Just requiring team collaboration is not enough. You have to make it easy for people to create a collaboration space. At HP, we used Microsoft SharePoint team sites. This allowed us to emphasize self-service—anyone could create and begin using their own team site in just a few minutes. We provided a template and allowed users to populate it with standard information and links that a project typically needed. This really helped things take off. One of HP’s three original KM goals was that every project should establish a project space. But we no longer needed that as an explicit goal, because everybody had started doing it routinely.
It is important to identify the business need that collaboration addresses. At HP, it was the need for project teams to work together, to communicate effectively, and to have common access to documents. We created a standard environment that didn’t require people to learn multiple tools or prevent them from reusing materials across projects. The self-service element was important – people didn’t have to wait for the IT department to create sites for them.
The collaboration process spanned four stages in the project life cycle:
- In the initial phase, someone began pursuing an opportunity. They started up a collaborative team space for the team going after the deal.
- They began including people from the sales force, people from services, or anyone within the company working on that deal who needed to collaborate.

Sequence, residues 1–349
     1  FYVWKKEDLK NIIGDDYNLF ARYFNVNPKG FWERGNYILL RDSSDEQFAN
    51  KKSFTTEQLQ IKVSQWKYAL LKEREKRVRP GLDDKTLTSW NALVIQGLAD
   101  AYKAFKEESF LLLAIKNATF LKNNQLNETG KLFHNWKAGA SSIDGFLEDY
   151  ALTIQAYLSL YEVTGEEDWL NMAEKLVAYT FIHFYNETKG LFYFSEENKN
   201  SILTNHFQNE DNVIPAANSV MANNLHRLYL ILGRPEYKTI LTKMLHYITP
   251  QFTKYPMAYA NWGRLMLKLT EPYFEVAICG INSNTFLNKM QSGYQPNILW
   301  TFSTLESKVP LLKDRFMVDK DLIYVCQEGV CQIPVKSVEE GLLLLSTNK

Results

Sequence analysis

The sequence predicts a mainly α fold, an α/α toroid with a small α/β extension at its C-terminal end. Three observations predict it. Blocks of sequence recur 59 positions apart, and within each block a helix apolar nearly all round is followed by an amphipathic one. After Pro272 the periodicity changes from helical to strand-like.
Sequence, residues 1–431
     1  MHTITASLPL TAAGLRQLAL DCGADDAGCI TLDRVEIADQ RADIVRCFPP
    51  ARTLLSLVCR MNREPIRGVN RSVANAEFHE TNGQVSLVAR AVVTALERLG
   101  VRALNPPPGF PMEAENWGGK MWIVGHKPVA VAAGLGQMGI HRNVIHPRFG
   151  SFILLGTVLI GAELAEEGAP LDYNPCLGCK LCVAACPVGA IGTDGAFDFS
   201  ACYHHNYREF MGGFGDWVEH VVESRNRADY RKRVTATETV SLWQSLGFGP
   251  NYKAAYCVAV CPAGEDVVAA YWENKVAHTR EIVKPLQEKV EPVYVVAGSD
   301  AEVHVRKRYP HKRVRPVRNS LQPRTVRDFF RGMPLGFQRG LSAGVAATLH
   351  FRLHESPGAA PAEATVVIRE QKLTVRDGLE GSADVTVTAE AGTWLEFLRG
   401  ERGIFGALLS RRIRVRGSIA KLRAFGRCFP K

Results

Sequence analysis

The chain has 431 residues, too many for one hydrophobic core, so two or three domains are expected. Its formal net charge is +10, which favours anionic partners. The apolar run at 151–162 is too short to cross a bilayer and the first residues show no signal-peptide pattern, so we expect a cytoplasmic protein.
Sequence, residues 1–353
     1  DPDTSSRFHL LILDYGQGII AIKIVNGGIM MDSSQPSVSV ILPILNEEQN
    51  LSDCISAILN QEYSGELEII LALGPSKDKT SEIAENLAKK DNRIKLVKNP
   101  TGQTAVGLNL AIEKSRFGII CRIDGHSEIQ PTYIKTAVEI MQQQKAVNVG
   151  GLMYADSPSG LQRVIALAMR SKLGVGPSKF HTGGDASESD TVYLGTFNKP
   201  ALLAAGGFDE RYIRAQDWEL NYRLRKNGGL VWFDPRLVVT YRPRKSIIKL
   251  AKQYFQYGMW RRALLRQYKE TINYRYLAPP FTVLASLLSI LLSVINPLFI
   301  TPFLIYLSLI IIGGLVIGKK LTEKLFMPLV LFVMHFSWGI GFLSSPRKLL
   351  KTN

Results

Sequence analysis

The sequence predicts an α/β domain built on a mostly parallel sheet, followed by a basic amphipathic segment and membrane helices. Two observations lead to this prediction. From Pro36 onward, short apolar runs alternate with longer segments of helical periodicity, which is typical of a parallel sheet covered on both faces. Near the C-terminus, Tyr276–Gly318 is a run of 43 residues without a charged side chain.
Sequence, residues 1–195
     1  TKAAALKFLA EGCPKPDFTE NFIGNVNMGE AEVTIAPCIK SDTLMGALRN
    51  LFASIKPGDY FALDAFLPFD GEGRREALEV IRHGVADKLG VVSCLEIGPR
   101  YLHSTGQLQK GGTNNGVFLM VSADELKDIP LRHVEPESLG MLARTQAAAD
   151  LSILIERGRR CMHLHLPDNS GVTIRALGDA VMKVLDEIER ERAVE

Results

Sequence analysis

- As the project moved along, new project team members might be added, and the project manager might get assigned to work on another deal. Teams needed a way for things to be handed off from the sales part of the opportunity to the delivery part of it. The team space offered a good way for handoffs to happen—to prevent information from being lost, and to ensure key materials (e.g., proposals and project plans) were widely reusable.
- Finally, these documents could be shared from the team space into the project document library, where others could access and reuse them. A standard workflow process moved documents from the team space into the project document library.
The following figures depict HP’s collaboration architecture and collaboration strategy.
Please enjoy Stan’s additional blog posts offering advice and insights drawn from many years as a KM practitioner. You may also want to download a copy of his book, Proven Practices for Implementing a Knowledge Management Program, from Lucidea Press. And learn about Lucidea’s Inmagic Presto and SydneyEnterprise with KM capabilities to support successful knowledge curation and sharing.
KM thought leader Melissie Rumizen was an accomplished and highly respected leader in the field of knowledge management and knowledge strategy.
Book from KM expert Stan Garfield with 100 infographics on knowledge management proven practices with links to supporting external content
KM thought leader Katrina Pugh has a successful record in artificial intelligence, agile development, and organizational transformation
KM thought leader Wendi Pohs provided systems design and software tools, helping large companies integrate semantic technologies into their systems.